Question: What is a voluntary prayer and is it recited nowadays?
Answer: All prayers that we recite were established in place of the sacrifices which were brought during the times when the Bet Hamikdash stood, as the verse states, “So we will render for bulls the offering of our lips,” meaning that the prayers we recite are offered in the place of the sacrifices which were brought when the Bet Hamikdash stood (see Berachot 26b). Although people prayed when the Bet Hamikdash stood as well, there was nevertheless not as much of an obligation to do so three times daily and using the text enacted by our Sages.
Since an individual did have the opportunity to come to the Bet Hamikdash and offer a “donated” sacrifice, it would seem that one who wishes to may stand before Hashem and offer a “donated” or voluntary prayer.
Thus, the Gemara (Berachot 21a) states that an individual may stand and recite the Amida prayer as a donation to Hashem and this prayer will act as a merit for the individual as though it were a donated offering. Such an individual who adds a voluntary prayer before Hashem is worthy of being called “willing of heart” as the verse (Divrei Ha’Yamim II, 29) states, “Then Chizkiyahu answered and said: ‘Now you have consecrated yourselves to Hashem, come near and bring sacrifices and thanksgiving-offerings to the house of Hashem’; and the congregation brought sacrifices and thanksgiving-offerings and those who were willing of heart brought burnt offerings.”
Nevertheless, the Rosh writes in one of his responses (Chapter 4, Section 13) that one who prays a voluntary prayer “must know himself to be focused and clear of mind such that he will be able to concentrate throughout the prayer from beginning to end without interruption only in which case one can be called ‘willing of heart’; however, if one cannot concentrate well, about such an individual does the verse state, ‘For what purpose is your multitude of sacrifices to me says Hashem; I am full of the burnt-offerings of rams and the fat of fed beasts; I do not delight in the blood of bulls, lambs, or he-goats.’” The Rosh exclaims that were it only that we could have the proper concentration when we recited the three daily obligatory prayers.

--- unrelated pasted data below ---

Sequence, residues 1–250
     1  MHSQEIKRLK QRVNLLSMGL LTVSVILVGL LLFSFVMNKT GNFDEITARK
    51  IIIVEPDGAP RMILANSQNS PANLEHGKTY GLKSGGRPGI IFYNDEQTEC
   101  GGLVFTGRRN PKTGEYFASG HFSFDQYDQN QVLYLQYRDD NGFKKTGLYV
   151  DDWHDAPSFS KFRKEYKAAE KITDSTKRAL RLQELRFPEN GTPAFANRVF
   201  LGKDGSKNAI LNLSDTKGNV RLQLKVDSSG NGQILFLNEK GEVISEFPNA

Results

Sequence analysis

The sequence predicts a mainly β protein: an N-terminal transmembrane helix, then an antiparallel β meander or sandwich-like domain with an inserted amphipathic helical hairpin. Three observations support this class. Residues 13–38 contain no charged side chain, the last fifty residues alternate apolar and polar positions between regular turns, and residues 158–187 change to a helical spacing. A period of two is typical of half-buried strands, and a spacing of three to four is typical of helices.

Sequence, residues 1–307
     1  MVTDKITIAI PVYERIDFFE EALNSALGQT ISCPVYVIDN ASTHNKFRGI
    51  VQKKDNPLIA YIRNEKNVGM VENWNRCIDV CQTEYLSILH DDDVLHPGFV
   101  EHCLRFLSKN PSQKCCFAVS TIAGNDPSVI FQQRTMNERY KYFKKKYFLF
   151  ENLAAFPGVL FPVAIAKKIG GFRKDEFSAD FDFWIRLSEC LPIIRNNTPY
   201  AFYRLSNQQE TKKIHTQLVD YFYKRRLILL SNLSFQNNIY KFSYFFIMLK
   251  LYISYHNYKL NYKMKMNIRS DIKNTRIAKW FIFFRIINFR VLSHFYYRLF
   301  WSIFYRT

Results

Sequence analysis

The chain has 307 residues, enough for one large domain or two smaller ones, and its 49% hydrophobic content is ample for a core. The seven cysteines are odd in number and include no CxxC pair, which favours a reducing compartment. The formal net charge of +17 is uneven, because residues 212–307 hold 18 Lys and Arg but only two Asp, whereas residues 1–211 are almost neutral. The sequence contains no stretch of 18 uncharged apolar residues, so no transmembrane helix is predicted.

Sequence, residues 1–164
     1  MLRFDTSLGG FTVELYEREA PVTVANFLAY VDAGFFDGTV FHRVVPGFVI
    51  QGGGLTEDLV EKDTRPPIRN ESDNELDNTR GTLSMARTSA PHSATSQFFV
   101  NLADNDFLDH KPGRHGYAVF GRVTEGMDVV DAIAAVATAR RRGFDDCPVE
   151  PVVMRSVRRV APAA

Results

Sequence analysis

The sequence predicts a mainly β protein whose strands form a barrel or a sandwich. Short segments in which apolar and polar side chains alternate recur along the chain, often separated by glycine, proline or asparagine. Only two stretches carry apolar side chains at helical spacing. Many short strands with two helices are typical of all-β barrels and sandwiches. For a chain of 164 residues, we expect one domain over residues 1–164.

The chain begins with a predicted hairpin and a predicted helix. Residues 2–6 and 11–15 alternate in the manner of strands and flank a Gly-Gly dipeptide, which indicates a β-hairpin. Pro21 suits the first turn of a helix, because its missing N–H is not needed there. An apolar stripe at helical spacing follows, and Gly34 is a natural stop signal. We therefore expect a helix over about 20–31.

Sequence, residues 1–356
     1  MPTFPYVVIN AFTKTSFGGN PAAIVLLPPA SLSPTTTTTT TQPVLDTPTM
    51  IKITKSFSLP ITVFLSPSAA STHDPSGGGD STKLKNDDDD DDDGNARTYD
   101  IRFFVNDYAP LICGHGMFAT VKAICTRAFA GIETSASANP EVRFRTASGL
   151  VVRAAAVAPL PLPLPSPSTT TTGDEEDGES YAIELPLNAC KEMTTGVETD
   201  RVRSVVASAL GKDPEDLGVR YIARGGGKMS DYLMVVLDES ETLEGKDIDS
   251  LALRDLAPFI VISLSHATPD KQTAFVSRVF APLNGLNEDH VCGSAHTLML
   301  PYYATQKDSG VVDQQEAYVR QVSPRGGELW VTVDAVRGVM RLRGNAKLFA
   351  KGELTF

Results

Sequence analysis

The Rosh means to say that prayer without intention or concentration is like a body without a soul; thus, we must put forth maximum effort to concentrate fully during the three prayers that we are obligated to pray daily. However, adding additional prayers is not recommended in our times when concentration is quite difficult and not many people have the ability to do so. Thus, one who does so will bear the verse “For what purpose is your multitude of sacrifices.”
Maran Ha’Shulchan Aruch (Chapter 107) rules, as follows: “One who wishes to pray a voluntary prayer may do so; however, one must add something (some request) into one’s prayer (such as requesting health for an ill individual in the Refa’enu blessing etc.).” Maran continues: “One who wishes to pray a voluntary prayer must know himself to be focused, careful, and clear of mind such that he will be able to concentrate throughout the entire prayer, from beginning to end. However, if one cannot concentrate well, he bears the verse ‘For what purpose is your multitude of sacrifices’ and were it not that one would be able to have the proper concentration during the three daily fixed prayers.”
The Rashbetz, Rabbeinu Shimon bar Tzemach, writes in his commentary that “we have not seen anyone in our generation who recites voluntary prayers; in our generations, the idea of voluntary prayers has been completely removed and no one recites such prayers at all.” Indeed, Rabbeinu Chaim Abulafia rules in his Sefer Nishmat Chaim (Chapter 4) that “nowadays, one should not recite voluntary prayers at all.” Other great Acharonim rule likewise.
Thus, halachically speaking, one should not pray any voluntary prayers at all nowadays. In the following Halachot we shall, G-d-willing, explain in what situations one should or must pray a voluntary prayer even nowadays.